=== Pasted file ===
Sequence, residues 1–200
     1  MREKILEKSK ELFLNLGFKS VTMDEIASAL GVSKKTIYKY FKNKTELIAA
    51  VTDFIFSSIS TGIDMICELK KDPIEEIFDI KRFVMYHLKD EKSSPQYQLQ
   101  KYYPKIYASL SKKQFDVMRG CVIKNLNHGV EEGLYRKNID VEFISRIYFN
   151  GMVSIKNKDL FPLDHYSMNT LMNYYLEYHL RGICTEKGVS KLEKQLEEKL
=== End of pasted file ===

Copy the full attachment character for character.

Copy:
Sequence, residues 1–200
     1  MREKILEKSK ELFLNLGFKS VTMDEIASAL GVSKKTIYKY FKNKTELIAA
    51  VTDFIFSSIS TGIDMICELK KDPIEEIFDI KRFVMYHLKD EKSSPQYQLQ
   101  KYYPKIYASL SKKQFDVMRG CVIKNLNHGV EEGLYRKNID VEFISRIYFN
   151  GMVSIKNKDL FPLDHYSMNT LMNYYLEYHL RGICTEKGVS KLEKQLEEKL